Klondike Highway

Wow, it has been a little while since I have been able to get back to this!! Where does the time go??

We continued north on the Klondike Highway, highway 2, heading to the junction of hwy 2 and highway 11, at Stewart Crossing. We turned east on highway 11, the ‘Silver Trail’, on our way to Mayo and Keno.

dsc_4681-edit

It is about 50km from Stewart Crossing to Mayo. Gold was discovered in the banks of the Stewart River in 1885, and a gold strike along Duncan Creek brought more miners to the area in 1902.

dsc_4687-edit

Approx 59km further along is the historic town of Keno.

dsc_4723

Silver was discovered on Keno Hill in 1903. By 1915 there were winter roads leading to all the major mining creeks. Horses hauled silver ore from the Keno Hill mines, down to the Mayo sternwheeler landing. Bags of ore were then transported from Mayo to Whitehorse by sternwheeler until 1950 when finally an all-season road was constructed!

Both Mayo and Keno have maintained their history and there are many historic buildings in each town.

dsc_4725-edit

dsc_4733-edit

Keno City has also developed some tourism-based businesses, and its attraction is the Keno Mining Museum with an extensive collection dedicated to the history of mining in Yukon from the early 1900s until the present.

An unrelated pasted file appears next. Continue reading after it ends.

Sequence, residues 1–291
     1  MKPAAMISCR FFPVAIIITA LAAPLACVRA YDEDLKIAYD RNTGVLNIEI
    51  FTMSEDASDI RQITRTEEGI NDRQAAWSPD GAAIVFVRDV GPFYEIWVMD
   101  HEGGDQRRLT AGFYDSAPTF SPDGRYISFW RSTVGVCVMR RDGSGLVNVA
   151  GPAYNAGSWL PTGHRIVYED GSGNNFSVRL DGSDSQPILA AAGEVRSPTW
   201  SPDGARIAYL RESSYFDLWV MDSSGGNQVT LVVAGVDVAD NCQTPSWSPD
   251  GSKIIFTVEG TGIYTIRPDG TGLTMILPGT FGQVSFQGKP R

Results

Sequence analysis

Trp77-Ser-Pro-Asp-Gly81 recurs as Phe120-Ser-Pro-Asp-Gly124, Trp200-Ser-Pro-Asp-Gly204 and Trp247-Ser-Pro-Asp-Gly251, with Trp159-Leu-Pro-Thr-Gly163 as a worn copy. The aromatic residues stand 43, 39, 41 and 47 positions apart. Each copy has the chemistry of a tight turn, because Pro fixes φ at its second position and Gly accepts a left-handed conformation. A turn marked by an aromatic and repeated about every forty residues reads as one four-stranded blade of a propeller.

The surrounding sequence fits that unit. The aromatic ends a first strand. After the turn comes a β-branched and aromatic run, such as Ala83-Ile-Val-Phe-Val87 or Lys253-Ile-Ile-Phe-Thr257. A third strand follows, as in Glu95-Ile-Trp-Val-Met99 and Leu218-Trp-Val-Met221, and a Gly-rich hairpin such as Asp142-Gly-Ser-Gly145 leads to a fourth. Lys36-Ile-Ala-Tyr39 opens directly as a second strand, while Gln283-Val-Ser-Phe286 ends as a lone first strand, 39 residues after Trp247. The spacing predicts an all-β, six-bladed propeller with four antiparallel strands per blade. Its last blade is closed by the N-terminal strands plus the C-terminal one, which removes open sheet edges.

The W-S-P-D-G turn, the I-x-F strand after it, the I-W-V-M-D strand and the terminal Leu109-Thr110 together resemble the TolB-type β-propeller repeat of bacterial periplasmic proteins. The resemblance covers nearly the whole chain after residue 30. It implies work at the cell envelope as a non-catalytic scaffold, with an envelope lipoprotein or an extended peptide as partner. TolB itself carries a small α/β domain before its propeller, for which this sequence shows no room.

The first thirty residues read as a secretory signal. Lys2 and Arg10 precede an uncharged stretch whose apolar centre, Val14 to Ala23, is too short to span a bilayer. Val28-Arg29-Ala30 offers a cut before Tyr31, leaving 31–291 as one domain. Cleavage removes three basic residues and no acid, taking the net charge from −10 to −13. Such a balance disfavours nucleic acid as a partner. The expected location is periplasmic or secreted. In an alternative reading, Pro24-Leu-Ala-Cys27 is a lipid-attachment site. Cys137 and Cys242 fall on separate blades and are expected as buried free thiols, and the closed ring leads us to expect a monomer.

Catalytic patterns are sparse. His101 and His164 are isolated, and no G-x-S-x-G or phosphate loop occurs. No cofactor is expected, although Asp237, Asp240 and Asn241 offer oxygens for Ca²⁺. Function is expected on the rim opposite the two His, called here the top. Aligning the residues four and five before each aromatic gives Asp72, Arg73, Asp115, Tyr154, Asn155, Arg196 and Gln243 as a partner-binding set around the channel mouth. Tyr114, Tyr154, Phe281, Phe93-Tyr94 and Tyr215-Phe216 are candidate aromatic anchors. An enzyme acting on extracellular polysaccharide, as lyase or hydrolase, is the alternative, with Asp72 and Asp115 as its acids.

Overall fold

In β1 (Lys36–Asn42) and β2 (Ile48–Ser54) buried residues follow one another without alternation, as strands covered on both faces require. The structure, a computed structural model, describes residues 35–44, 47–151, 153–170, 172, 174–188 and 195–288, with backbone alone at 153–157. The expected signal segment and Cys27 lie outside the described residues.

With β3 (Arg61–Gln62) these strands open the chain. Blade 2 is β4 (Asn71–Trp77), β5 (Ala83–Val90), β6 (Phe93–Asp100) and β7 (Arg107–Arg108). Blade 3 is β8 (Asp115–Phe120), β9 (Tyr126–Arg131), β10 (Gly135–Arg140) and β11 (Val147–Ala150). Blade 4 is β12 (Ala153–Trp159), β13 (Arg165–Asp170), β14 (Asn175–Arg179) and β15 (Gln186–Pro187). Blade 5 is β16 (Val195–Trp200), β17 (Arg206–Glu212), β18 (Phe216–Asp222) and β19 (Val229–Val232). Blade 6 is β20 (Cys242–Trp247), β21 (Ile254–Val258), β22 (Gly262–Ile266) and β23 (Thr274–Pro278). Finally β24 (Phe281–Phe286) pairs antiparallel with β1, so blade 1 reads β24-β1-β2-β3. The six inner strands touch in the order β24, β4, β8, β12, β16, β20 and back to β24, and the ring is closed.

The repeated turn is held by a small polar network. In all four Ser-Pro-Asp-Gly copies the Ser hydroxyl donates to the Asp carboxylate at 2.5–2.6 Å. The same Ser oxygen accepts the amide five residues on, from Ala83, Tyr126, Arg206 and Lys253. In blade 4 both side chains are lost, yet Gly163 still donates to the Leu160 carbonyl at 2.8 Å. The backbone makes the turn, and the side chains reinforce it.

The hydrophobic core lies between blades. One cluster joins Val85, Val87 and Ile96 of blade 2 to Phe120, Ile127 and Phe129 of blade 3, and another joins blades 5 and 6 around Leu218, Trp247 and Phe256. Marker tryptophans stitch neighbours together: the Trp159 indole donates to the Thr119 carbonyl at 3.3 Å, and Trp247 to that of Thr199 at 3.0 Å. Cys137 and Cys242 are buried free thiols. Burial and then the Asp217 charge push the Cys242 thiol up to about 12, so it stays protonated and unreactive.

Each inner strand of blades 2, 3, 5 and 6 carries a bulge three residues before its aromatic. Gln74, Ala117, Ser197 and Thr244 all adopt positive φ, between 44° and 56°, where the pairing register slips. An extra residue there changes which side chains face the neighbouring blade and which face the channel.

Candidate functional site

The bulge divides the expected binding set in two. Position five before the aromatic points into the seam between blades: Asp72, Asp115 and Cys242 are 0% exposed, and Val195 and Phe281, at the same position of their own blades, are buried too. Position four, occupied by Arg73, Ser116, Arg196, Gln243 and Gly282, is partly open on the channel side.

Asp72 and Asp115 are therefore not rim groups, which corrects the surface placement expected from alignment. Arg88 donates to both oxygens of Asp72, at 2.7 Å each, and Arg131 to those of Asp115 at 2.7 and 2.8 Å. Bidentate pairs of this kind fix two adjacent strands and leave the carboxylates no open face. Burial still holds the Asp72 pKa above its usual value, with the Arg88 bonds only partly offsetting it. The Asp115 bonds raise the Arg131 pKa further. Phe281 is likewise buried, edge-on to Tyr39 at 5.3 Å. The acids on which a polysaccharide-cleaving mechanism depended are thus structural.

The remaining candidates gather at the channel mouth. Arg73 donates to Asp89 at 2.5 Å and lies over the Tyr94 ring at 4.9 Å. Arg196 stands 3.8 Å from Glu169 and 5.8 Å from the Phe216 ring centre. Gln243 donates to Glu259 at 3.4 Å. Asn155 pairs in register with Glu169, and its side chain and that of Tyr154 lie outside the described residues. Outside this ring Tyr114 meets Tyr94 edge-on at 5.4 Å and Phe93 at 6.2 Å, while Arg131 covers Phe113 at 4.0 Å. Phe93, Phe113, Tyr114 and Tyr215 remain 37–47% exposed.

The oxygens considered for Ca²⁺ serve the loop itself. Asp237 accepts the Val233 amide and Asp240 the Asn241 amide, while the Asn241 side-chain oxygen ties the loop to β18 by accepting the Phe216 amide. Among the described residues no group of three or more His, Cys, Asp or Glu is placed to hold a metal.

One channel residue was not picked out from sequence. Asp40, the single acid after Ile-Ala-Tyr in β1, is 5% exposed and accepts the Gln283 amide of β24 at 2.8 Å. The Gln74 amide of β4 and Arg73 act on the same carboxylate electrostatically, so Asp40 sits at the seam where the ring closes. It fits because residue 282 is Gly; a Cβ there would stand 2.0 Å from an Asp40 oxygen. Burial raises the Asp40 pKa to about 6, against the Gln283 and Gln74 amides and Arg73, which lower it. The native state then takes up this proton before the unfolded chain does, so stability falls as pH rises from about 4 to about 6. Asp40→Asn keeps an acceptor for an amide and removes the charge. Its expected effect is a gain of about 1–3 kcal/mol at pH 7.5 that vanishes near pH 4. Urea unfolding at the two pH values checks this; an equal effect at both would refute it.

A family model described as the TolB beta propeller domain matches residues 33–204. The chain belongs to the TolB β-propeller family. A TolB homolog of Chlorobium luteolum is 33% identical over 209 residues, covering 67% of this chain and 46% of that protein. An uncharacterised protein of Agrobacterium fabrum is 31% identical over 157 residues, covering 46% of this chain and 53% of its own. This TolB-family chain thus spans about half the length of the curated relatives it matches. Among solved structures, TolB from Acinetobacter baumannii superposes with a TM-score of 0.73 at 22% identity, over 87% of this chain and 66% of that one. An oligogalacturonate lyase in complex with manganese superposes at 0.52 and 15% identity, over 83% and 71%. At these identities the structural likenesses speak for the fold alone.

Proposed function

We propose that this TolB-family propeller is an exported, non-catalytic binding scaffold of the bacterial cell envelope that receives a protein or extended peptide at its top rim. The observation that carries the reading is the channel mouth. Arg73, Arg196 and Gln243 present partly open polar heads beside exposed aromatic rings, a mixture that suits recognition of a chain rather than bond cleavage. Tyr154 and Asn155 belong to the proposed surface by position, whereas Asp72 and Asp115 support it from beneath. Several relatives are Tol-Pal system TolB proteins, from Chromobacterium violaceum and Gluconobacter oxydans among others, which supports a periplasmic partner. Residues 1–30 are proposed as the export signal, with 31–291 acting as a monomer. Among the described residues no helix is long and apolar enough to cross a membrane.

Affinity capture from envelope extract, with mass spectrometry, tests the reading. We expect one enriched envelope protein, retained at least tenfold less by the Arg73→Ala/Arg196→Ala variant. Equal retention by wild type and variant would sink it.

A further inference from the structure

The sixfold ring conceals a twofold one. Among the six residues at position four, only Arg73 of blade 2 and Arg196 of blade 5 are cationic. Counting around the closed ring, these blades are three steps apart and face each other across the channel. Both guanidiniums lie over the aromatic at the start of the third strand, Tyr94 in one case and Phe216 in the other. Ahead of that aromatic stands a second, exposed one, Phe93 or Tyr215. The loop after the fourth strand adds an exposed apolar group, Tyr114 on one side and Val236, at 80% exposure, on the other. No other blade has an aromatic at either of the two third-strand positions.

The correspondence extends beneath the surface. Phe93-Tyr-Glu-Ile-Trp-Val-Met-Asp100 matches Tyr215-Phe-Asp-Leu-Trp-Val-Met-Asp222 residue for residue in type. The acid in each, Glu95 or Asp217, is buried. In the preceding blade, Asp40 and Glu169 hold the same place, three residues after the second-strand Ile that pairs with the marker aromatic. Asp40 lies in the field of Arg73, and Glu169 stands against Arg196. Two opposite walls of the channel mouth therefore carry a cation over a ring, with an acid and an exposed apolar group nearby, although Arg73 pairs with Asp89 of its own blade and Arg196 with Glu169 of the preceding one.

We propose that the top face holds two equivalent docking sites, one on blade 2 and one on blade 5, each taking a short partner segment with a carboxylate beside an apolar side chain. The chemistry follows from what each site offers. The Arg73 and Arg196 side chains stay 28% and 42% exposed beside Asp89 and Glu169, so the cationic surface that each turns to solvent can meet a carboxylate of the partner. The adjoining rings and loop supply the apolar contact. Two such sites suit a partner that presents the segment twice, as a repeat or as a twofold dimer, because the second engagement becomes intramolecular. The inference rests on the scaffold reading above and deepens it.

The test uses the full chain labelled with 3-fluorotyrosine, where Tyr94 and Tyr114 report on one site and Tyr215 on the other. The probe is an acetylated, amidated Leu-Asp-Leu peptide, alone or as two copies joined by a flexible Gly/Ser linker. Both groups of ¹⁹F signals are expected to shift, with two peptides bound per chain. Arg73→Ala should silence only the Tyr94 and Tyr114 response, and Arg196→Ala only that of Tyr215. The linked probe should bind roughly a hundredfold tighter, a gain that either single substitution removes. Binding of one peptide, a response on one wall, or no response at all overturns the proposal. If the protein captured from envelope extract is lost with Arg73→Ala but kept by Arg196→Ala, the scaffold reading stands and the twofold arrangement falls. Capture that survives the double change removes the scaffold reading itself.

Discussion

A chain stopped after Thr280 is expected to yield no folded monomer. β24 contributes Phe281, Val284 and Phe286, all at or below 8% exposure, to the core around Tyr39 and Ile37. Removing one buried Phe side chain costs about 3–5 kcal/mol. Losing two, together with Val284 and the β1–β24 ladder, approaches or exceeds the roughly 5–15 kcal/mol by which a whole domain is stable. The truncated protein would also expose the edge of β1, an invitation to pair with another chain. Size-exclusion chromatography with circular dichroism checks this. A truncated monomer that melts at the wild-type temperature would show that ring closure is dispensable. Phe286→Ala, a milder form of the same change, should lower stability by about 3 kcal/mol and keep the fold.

dsc_4803-edit

The signpost on the top of Keno Hill showing distances to places around the world.

dsc_4768-edit

It was very foggy on the ‘hill’ the day we went up, we were told the views are amazing! Once we were below the clouds the views and wildflowers lived up to their reputation!

dsc_4782-edit

We had two nights in the Mayo area then resumed our way to Dawson City. Once we got back to Stewart crossing to join the Klondike highway we ran into the first real construction of our trip! We were a little skeptical our motor home was going to make it on this stretch!

dsc_4881-edit

One of the things we really enjoyed along the Alaska and Yukon highways were the many roadhouses, most evolved from American military camps built during the construction of the road.  Roadhouses usually offered a place to stay, a meal and gas and were spaced no more than a day’s drive apart. We loved the sign for this one, and they had good hamburgers!

dsc_4905-edit

The scenery between Stewart Crossing and Dawson City was beautiful with many small lakes.

dsc_4938-edit

dsc_4949-edit

dsc_4962-edit

Soon we arrived at Dawson City, one of the iconic cities of the Yukon!

dsc_5018-edit

I think Dawson City deserves a story of it’s own, so….

Until next time!

2 thoughts on “Klondike Highway

Leave a Reply

Fill in your details below or click an icon to log in:

WordPress.com Logo

You are commenting using your WordPress.com account. Log Out / Change )

Twitter picture

You are commenting using your Twitter account. Log Out / Change )

Facebook photo

You are commenting using your Facebook account. Log Out / Change )

Google+ photo

You are commenting using your Google+ account. Log Out / Change )

Connecting to %s